Merriam-Webster Has Let Me Down

An accomplished life is a life of proficiency, skillfully honed, polished, and refined with notable established social accomplishments beyond dispute, says M-W. I’ve read about people who have led such a life, because I would like to do that too before I go, but I need to know how to go about it.

While standing in a long line at Lowes in order to return twenty feet of corrugated drain pipe, I feel suspended, as in a dream of consciousness. A narrative comes to mind about the person at the head of the line who catches my attention; he has a prominent gash on the back of his bald head.

A writer once said, “Our minds discard features that don’t fit a chosen narrative, exaggerate elements that confirm the story we already believe in, fabricate out of whole-clothe, details that don’t exist but ought to, and with each recollection, our memory is retold, respun, rewoven.” *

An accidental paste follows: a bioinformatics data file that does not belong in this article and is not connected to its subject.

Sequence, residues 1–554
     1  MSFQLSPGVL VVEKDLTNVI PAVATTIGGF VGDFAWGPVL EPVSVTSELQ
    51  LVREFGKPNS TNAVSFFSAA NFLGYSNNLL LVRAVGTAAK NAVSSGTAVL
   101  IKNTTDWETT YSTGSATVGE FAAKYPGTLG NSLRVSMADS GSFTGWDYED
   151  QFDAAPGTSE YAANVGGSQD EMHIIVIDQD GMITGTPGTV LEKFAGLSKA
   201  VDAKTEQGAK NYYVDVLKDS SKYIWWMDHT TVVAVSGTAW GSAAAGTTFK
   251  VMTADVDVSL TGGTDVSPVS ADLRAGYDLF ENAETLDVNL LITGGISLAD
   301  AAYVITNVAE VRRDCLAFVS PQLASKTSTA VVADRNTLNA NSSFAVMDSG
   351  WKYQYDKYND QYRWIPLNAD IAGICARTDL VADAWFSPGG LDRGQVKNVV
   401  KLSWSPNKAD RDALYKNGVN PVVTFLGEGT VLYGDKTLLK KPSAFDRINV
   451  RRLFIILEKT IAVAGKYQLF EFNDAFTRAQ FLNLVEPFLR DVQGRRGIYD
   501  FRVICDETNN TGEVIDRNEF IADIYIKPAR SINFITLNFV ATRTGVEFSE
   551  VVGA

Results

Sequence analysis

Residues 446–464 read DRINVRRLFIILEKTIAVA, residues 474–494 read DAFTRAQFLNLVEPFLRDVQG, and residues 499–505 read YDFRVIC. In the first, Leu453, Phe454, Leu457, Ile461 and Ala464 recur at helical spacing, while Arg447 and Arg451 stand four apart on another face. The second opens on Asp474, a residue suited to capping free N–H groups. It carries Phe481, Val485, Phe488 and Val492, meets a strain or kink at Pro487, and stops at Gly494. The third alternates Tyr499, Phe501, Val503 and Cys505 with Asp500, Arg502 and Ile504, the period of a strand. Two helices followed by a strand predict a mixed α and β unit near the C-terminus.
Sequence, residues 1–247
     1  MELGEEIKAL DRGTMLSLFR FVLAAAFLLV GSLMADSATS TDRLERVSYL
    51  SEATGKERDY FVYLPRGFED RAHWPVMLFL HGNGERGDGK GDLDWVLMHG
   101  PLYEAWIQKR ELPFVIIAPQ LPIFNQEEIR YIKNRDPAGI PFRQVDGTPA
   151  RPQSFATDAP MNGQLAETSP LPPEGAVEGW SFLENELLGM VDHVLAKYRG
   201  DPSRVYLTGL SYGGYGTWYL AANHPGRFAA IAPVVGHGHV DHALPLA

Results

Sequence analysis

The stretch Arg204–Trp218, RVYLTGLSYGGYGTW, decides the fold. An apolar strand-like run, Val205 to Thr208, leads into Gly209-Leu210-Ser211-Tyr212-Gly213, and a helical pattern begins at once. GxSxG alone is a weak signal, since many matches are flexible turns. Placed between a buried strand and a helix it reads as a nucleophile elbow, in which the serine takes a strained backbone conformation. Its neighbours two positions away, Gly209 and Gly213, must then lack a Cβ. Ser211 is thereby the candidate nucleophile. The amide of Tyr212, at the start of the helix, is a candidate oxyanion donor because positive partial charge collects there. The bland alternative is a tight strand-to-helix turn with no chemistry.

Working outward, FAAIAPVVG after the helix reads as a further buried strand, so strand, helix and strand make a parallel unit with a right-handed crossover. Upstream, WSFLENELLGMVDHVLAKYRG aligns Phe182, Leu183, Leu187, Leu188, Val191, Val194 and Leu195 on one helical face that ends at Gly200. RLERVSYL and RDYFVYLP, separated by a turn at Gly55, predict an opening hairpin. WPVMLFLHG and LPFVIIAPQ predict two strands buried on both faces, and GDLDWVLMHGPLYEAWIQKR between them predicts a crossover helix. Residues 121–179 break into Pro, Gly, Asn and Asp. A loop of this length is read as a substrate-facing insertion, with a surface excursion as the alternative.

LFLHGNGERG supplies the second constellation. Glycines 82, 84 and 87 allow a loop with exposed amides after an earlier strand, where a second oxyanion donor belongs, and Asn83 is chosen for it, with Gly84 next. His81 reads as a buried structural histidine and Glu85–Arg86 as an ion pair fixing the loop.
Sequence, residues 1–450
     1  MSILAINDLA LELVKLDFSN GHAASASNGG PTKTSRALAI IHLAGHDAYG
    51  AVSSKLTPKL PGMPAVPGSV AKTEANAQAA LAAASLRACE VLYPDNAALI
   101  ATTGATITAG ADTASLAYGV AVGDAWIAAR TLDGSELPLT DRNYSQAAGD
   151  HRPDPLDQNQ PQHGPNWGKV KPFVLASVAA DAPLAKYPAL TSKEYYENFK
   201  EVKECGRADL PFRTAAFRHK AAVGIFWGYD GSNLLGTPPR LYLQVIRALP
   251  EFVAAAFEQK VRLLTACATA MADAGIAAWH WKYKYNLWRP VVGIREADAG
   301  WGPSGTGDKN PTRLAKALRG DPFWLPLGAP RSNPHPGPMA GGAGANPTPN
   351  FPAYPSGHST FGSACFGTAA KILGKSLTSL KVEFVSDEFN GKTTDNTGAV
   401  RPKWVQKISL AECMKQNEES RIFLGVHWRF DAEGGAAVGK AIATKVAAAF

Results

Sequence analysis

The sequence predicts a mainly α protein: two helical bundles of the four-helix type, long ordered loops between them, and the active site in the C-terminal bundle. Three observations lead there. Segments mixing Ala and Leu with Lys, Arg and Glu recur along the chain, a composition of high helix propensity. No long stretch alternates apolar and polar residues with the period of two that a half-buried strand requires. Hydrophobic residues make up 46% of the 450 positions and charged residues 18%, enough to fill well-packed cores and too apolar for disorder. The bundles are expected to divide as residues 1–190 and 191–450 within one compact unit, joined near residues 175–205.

The story of the scar, I think, must be central to the description of how his life has earned the distinction of having been accomplished. In early grade school, while kneeling during the Stations of the Cross, I learned that the road to an accomplished life should be painful.

That thought is a relief in a way, because I will have already missed the mark; the amount of measurable pain I have had so far wouldn’t qualify. Other attributes to shoot for though, include being proficient, honed, polished and refined.

This idea presents a personal quandary. It’s about the people I know and love who have long ago accomplished their lives, but have not met the M-W criteria. Their lives, accomplished yes, but through presence, generosity and kindness.

 

Jean Cassidy, Summer 2022

 

*Ken Liu

poetry, prose poetry, wnc writers

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